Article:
she always wore an expression of discontent.
She had the instincts of a miser, but she also
had enough good sense not to let them interfere
[Page 39] with the sources of
profit, and so, although she was as keen to save
a cent as anyone could have been, The Turenne
showed no sign of it. The provision for
the entertainment of guests was ample and sufficient.
Felice had always had her own way, and owing to
Paul's incapacity, which had overtaken him gradually,
the affairs of the house had been left in her
They had only had one child,
who had died when she was a baby, and this want
of children was a great trial to Paul. They
had attempted to fill her place by adopting a
little girl, but the experiment had not been a
success, and she grew to be something between
a servant and a poor relation working for her
board. This was owing to no fault of Paul's,
who would have prevented it if he could, but his
wife had taken a dislike to the child, and she
simply neglected her. Latulipe, for in the
family she was known by no other name, was a strange
girl. She had been frightened and subdued
by Madame Arbique, and at times she would scarcely
speak a word, and then again she would talk boldly
and defiantly, as if she were protesting, no matter
how insignificant her remarks might be.
Her personal appearance was as odd as her manner;
she had an abundance of hair, of a light, pleasant
shade of red, her complexion was a clear white,
her lips were intensely crimson, her dark eyes
were small but quick, and very clear. Her
manner was shy, and rather awkward. Her
one claim to distinction was that she had some
influence over Arbique, whom she could now and
then prevent drinking. He was sorry for
her, and ashamed of the [Page 40] position
she occupied in the house, which was so different
from what he had intended.
When the Franco-Prussian war
broke out, and for months before, The Turenne
was the rendezvous for those of the villagers
who had any desire to discuss the situation.
Arbique was the oracle of this group, and night
after night he held forth on the political situation,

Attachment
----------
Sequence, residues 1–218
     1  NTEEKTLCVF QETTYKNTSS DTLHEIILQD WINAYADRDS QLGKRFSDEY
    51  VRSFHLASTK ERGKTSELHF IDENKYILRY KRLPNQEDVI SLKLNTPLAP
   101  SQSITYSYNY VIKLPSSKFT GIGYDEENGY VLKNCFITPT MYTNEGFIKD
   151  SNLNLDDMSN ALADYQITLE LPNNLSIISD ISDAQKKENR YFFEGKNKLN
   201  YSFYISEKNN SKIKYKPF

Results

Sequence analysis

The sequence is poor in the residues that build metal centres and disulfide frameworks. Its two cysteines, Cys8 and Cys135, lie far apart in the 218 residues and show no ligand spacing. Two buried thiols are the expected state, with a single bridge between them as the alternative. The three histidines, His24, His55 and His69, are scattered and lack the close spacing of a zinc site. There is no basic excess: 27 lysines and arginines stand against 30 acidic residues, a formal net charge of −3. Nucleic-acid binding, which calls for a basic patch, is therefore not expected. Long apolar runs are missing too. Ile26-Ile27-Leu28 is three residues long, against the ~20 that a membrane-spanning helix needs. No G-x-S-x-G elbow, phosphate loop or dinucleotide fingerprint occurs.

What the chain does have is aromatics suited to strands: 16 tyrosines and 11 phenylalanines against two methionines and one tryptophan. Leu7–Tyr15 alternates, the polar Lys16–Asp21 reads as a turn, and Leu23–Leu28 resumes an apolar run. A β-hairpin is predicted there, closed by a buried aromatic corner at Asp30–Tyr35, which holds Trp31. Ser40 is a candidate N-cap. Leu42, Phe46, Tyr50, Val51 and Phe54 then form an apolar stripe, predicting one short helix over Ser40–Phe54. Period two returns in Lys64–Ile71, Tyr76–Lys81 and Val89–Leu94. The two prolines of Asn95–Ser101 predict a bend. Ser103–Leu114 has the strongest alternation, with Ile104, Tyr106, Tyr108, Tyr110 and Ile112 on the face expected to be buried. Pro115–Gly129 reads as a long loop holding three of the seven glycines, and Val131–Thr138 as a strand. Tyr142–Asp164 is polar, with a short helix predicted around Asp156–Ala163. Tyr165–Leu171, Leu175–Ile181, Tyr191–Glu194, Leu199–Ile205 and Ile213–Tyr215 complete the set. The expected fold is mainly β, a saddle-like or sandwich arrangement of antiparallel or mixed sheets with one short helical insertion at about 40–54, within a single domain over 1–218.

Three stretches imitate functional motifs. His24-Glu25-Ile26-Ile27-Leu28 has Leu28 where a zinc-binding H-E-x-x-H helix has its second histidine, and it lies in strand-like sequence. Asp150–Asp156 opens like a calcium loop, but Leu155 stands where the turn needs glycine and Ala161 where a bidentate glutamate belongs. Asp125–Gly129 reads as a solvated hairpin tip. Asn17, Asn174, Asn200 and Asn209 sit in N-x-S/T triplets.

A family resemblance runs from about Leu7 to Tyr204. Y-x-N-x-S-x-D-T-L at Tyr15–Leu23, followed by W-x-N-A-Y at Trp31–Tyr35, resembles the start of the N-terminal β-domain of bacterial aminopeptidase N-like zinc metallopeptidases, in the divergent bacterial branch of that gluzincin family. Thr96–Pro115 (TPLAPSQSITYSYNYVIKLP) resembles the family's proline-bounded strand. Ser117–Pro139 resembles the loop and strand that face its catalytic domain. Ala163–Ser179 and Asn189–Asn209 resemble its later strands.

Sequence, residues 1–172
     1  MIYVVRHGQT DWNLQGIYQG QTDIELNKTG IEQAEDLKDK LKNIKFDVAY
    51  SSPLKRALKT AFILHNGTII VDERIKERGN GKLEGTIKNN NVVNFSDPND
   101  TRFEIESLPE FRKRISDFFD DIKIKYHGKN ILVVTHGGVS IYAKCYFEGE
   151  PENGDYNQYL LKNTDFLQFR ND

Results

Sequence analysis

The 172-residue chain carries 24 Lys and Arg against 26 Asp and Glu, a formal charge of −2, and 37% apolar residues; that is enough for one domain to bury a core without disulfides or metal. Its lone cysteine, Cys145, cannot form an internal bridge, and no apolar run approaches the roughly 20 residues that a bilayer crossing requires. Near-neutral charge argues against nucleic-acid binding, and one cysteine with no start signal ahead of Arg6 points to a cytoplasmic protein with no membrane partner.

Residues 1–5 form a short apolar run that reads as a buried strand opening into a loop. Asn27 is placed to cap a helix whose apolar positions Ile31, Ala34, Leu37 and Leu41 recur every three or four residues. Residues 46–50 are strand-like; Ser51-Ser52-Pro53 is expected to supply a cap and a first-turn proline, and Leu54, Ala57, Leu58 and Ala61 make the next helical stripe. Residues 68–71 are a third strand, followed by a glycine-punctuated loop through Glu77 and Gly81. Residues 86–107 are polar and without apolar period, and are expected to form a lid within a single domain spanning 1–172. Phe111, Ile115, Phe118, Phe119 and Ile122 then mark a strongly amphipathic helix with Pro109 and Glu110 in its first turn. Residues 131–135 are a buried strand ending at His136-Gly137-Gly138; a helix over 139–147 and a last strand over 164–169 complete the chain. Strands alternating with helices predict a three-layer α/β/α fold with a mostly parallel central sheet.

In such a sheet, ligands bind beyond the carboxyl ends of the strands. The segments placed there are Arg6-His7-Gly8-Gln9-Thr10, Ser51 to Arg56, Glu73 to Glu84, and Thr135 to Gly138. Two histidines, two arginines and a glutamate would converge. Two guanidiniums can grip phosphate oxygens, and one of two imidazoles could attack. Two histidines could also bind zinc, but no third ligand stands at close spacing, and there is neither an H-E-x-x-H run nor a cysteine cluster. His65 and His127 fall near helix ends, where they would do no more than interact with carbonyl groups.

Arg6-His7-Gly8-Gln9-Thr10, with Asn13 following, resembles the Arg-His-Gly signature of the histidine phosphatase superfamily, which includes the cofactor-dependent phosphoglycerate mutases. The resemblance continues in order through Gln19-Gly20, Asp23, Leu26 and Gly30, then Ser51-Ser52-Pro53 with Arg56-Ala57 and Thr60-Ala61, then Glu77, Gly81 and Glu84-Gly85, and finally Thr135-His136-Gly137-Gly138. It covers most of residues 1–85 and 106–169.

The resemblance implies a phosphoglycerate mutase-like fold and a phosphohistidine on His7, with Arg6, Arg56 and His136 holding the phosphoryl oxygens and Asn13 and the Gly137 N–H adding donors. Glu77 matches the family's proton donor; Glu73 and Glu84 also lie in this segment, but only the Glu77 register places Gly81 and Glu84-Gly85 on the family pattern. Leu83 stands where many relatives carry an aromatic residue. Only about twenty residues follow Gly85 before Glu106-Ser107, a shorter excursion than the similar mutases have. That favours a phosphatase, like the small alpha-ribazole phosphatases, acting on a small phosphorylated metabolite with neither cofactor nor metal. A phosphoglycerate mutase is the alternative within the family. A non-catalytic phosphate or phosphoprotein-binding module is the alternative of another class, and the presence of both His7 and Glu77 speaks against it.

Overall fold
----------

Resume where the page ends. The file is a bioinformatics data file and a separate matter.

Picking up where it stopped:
on the art of war, and his personal experiences
in the army. There was only one habitué
of The Turenne who was silent on these occasions,
that was Hans Blumenthal, the German watchmaker.
He had had his corner in the bar-room ever since
he had come to Viger, and was one of Arbique's
best customers. But when the war excitement
broke out Arbique expected to see no more of him;
the warmth of the discussions and the violence
of the treatment his nation received nightly would
have been expected to drive him away. But
instead, he returned again and again to his place
at the little table by the window, peering through
his glasses with his imperturbable, self-absorbed
expression, not seeming to heed the wordy storms
that beset his ears.
Arbique, when hostilities had
actually broken out, pasted a map of the seat
of war upon the wall; above this he placed a coloured
picture of a French chasseur, and scrawled below
it the words "A Berlin!"
Even this did not disturb the German. He
took advantage of the map, and as Arbique had
set pins, to which were attached red and blue
pieces of wool, to show the positions of the armies,
he even studied the locations and movements with
interest. He read his paper, gave his orders,
paid his [Page 41] score, came
and went as he had always done. This made
Paul very angry, and he would have turned him
out of the house if he had not remembered that
he was his guest, and his sense of honour would
not permit it. He was drinking very heavily
and wanted to fight someone, but every one had
agreed with him except the German, and he kept
silence. He had serious thoughts of challenging
him to a duel, if the opportunity offered.
Latulipe was the only one who
stood up for Hans. She had been accustomed
to wait on the guests sometimes, when Arbique
was incapacitated, and his gentle manner had won
her regard. One day he turned on Paul, who